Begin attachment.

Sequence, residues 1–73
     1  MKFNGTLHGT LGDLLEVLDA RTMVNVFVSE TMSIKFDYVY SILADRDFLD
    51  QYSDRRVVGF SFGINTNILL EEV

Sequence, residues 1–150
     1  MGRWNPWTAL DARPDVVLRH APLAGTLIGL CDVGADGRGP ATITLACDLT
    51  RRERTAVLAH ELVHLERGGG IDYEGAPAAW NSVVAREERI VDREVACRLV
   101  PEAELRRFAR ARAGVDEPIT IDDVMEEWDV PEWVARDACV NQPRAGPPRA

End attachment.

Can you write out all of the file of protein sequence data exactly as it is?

Sequence, residues 1–73
     1  MKFNGTLHGT LGDLLEVLDA RTMVNVFVSE TMSIKFDYVY SILADRDFLD
    51  QYSDRRVVGF SFGINTNILL EEV

Sequence, residues 1–150
     1  MGRWNPWTAL DARPDVVLRH APLAGTLIGL CDVGADGRGP ATITLACDLT
    51  RRERTAVLAH ELVHLERGGG IDYEGAPAAW NSVVAREERI VDREVACRLV
   101  PEAELRRFAR ARAGVDEPIT IDDVMEEWDV PEWVARDACV NQPRAGPPRA